In the spring, I helped Judy and John put together an itinerary for their July trip to East Africa, making their reservations, arranging for visas, hotels, and meetings while on the ground. All the while, they talked about the possibility of me joining them as it would mean a lot given my new role as Director of Operations in Eliminate Poverty NOW. I thought they were just being their polite, kind selves. Well, they really meant it because I went with them on July 3rd when they left for a 2 week tour of the programs that EPN supports in Kenya and Uganda.
I tried to limit my expectations and let the experience drive my impressions. I knew I was going with seasoned travelers – I left my fate in their hands.
With all the advanced hype of how poor the people are, how great EPN’s charity partners are, and how they hoped we would have a successful trip – I thought nothing could be as bad or good as they described – it was too hard to believe.
Well, if you think you know what poverty is, you don’t. I personally visited the poorest county in the USA several years ago as part of a trip sponsored by Save the Children. I was stunned that kids in our country live this way - in dirt, dust, debris, and malnutrition. Compared to the children I met in Kibera, Kenya and whose homes we visited – the kids in Kentucky live in the lap of luxury. At least most have electricity and running water.
Little Rock nursery school students
Our Little Rock Scholars live in 150 square foot hovels piled on top of each other without running water and electricity – sleeping on the floor or in a chair. They get up in the morning and go to school where they have their only meal of the day. Then they return to the squalor and rubble, and must be in their homes before dark unless they want to be robbed, raped, or murdered.
|Little Rock Scholar Candidates|
Yet, the children have hopes and dreams – they want to do whatever they can to “get out”. They are amazing when you see what they live with. You would think they should just give up because there is no way they can possibly succeed with the illness, hopelessness and death that surrounds them. You may not believe they will make it but many do – their ambition drives us and the overwhelming desire to help them in their quest to succeed.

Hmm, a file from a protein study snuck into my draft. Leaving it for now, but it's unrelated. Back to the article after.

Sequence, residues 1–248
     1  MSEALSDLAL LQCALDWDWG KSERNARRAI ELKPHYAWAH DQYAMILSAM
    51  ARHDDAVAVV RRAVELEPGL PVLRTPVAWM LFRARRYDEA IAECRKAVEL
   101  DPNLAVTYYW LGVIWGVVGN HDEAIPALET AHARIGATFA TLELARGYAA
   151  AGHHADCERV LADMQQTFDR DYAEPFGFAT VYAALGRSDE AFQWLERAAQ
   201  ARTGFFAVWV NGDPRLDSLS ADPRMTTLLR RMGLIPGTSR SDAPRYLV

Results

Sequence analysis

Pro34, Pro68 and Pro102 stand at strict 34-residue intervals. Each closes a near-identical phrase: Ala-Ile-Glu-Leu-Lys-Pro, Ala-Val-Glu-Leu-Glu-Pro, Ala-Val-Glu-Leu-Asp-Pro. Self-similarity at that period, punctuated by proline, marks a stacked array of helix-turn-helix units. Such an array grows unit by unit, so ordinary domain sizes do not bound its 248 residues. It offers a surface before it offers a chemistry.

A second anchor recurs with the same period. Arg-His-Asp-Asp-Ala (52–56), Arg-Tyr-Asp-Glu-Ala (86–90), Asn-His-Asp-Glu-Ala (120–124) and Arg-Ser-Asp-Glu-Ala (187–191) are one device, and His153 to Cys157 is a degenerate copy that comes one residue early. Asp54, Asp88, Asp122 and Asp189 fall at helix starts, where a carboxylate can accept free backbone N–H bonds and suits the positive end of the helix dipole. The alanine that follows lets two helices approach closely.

I met the most amazing, dedicated, and passionate people on this trip. Their belief in what they are doing is so strong and motivates everything they do. The founding Director of Little Rock School even climbed Mt. Kilimanjaro to raise money for her “kids” and the programs she runs at the school!
Determination and entrepreneurial spirit is alive and well in Eldoret, Kenya - through the auspices of the Joyful Women’s Organization (JoyWO). A small group of women began providing financial services to other women through a concept known as “table banking” – similar to what we recognize as a credit union in the US. It has grown to over 30,000 women throughout the Eldoret area with coffers in excess of $3.5 million in pooled savings they are loaning back to each other. Plans are in the works to grow nationwide throughout Kenya in the near future. This is a true example “give them the pole so that they can learn to fish” story.
another exhilarating experience was meeting the success stories that came out
of this endeavor – women who are lifting their families out of poverty by
providing financial resources, establishing their independence in many cases in
abusive or neglected relationships, and giving their children a future they
could not have otherwise.
JoyWO Members and Staff
When I first arrived in Africa, I thought that maybe the work that EPN is doing is just too small to make any kind of difference because the problems they are trying to solve are so profound, long term, and ingrained. Now I can say that I believe that I am changed forever by my visit to Africa with John and Judy. I have many more stories to recount but I will spare you my blathering. Suffice it to say that there are images, memories, and relationships that are now etched in my memory that will serve to make me a better person driven to understand and help wherever I can delivering a message of hope and success for the future.
P.S. Would you like to meet these extraordinary kids, experience life in Kibera, witness first hand the power of Table Banking, and spend quality time with the remarkable people leading these programs?
We are thinking about another trip in or around July 2014. If you would like to join us, please feel free to reach out – Helen Greenberg (firstname.lastname@example.org or 908.725.2325). We would love to have you come!